Coming Soon…

With a bulk of 2013 BDS-related issues covered over the last few weeks, I need to take this week off to mentally prepare for what is coming next, most notably the Presbyterian Church’s bi-annual face-slap to the Jewish community, with divestment once again in the news and on the agenda of PCUSA’s General Assembly.

Since a number of people are starting to pay attention to the Presbyterian matter early (the General Assembly doesn’t take place until the summer), I thought it would be a good idea to provide some background to how the issue has played out over the years, as well as a rundown of players on both sides of the upcoming divestment fight.

But that will have to wait until next week when the snow will hopefully be melting and the kids are back in school.

In the meantime, a request to readers.

As some of you know, one of the reasons I put this blog on hiatus was that it was getting difficult to organize the kind of material that appears on this site in a useful way, given the reverse-chronological nature of any blog.  Even with categories, key words and searching capability, it was becoming frustrating to know answers to questions I was being asked were available, but buried in a pile of blog entries.

Anyway, I think I’ve found a potential solution with a new WordPress theme that provides a way to organize materials more effectively (and attractively).  The catch is that this theme requires a sizable number of graphics, and while I can figure out Photoshop I don’t really have the skill or design chops to use it effectively.

So if anyone out there has some talent (or a talented friend) willing to do some pro bono work to help with this site, please drop me a note via the Contact form.

Thanks in advance and now it’s back to the white stuff, with a return to regular posting starting next week.

11 thoughts on “Coming Soon…”

  1. I have to say, Jon, while I very much respect the work that you are doing here and I value your insights, I cannot escape what seems to be a central contradiction.

    On the one hand, you write about the BDS threat as if it is an actual threat to the Jewish people… which it is… but on the other hand you constantly inform us that BDS is failing.

    If BDS is failing then it is not much of a threat and, therefore, why should anyone care?

    Of course, we do care and the reason that we care is because we take BDS, and general animosity toward the Jewish people, wherever it may come from, very seriously.

    But from your work – and I mean this with all respect – I cannot tell whether I should take it seriously or not?

    1. You raise an excellent point, Mike. What is BDS really about?

      One might naively think its aim is to obtain a settlement between Israel and Palestinians, or perhaps even “justice for Palestinians” – whatever that might mean. The strategy is to apply pressure on an obstinate Israel to make concessions. The tactic is to use economic boycott. In actually recruiting boycotters, their success is minimal.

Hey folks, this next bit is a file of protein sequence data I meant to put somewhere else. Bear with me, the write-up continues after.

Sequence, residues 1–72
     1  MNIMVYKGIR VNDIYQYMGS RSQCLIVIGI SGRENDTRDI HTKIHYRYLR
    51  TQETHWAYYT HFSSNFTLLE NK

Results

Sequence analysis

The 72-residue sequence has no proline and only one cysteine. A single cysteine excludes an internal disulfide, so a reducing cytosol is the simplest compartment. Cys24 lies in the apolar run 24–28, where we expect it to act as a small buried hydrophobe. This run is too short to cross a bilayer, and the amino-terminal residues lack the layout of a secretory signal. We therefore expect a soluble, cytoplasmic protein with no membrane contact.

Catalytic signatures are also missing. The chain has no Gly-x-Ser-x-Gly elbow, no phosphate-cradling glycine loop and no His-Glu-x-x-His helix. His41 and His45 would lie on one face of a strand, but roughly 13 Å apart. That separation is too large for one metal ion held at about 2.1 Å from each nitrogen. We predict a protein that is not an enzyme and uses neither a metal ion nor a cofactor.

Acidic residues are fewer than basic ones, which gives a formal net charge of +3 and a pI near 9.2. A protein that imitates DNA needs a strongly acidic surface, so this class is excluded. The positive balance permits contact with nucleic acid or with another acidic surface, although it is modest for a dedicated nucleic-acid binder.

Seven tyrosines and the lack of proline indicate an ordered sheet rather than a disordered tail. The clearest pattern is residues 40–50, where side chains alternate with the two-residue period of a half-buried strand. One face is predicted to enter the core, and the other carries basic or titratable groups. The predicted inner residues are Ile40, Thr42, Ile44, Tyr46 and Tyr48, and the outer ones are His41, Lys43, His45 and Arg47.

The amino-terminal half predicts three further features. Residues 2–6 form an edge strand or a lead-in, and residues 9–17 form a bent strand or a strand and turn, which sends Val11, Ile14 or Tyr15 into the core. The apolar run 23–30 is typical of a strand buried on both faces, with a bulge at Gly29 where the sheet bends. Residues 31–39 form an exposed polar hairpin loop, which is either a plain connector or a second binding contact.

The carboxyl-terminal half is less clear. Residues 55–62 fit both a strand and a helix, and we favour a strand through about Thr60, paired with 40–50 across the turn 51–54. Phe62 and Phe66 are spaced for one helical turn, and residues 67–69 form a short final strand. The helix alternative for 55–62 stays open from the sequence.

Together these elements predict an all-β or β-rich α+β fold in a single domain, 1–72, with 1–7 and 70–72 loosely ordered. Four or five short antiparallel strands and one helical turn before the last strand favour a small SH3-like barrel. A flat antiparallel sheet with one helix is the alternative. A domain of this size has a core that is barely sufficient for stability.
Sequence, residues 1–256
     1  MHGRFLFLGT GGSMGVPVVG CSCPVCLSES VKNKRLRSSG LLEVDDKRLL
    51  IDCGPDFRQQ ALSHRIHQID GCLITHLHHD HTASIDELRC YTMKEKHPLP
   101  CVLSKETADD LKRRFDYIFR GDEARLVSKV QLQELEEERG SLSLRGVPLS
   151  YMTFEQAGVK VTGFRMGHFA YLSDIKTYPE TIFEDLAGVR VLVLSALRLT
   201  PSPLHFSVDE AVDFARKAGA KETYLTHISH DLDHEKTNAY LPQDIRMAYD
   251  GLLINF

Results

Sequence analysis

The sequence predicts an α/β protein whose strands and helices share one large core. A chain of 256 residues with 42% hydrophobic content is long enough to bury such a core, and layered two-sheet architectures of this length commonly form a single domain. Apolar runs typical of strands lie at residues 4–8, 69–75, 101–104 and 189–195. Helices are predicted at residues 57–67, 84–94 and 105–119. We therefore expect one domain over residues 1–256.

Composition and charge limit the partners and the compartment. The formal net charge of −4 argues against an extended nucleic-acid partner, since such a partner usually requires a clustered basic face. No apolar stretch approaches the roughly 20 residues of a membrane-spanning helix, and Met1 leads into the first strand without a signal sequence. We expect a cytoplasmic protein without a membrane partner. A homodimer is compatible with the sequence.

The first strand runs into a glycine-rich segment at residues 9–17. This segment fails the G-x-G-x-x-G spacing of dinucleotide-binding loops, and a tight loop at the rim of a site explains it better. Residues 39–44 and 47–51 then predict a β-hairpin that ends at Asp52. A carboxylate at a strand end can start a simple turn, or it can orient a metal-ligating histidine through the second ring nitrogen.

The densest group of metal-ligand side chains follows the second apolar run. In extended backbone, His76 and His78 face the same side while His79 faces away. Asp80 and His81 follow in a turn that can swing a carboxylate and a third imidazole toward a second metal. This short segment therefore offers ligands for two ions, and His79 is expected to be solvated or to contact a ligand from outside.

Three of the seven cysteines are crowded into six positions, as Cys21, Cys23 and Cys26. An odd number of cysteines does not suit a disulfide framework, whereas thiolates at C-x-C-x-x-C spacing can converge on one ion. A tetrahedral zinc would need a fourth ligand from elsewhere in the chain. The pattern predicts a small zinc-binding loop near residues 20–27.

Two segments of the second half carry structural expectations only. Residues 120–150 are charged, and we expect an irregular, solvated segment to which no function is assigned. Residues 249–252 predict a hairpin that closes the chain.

However, all that is a red herring, and at the same time a means to recruit unsophisticated, well-meaing, under-informed people to support their cause, and promote it.

      However, the real aim of the BDS movement is to undermine popular support for the State of Israel (did the last Gallup poll say 72% of Americans hold a favorable opinion of Israel?) The strategy is to create a popular image of Israel as a cruel, evil, racist state whose creation was illegitimate and as a state, wantonly violates international law. The tactic is to use boycott efforts as a means of getting publicity to give voice for this narrative.

      So while they don’t get institutions to join their cause, they do get plenty of platform for promoting their lies and distortions. Either way, those accusations cannot be left unanswered.

    2. Mike – You bring up an excellent point, one I’ve tried to confront at different times (notably in posts like this one: But to bring expand on that argument (and the one Barbara makes), the war against Israel has always had multiple fronts.

      Originally, it was a traditional war in which the armies of neighboring states played the major role. But when that failed, some states (such as Egypt and Jordan) went for a grudging or de facto peace with Israel, while others moved the conflict to different fronts: unconventional warfare (i.e., terror/surrogate wars) coupled with a propaganda campaign designed to turn a conflict driven by an Muslim/Arab world refusing to accept a non-Arab/Muslim state in their midst to one perceived as the Jewish state refusing to accept a Muslim/Arab (i.e., Palestinian) state in *its* midst.

      As that propaganda campaign expanded to include an attempt to characterize Israel as not just intransigent, but Apartheid and even Nazi like, the war moved to different fronts. But ultimately, it is still a war being waged by nation states (over which we have little control) which have succeeded in corrupting major institutions (like the UN), turning them into new fronts in the propaganda war. And when it comes to dealing with organizations like the UN (which represents states, not the people in those states), again there is not much we “civilians” can do (other than expose that corruption, as groups like UNWatch does so effectively).

      But as the war moved to our backyards: to my home town, to Barbara’s food coop, to Will Spotts’ Presbyterian Church, that provided us an opening to actually join the battle and win. And winning has two advantages: (1) it empowers those who succeed and motivates them to fight further afield (which is why you’re reading what you’re reading now; and (2) it helps break the propagandists momentum and makes it that much harder for them to either corrupt a civic organization to their cause or have their accusations accepted at face value (since, remember, BDS has been exposed as not just a loser, but also a liar).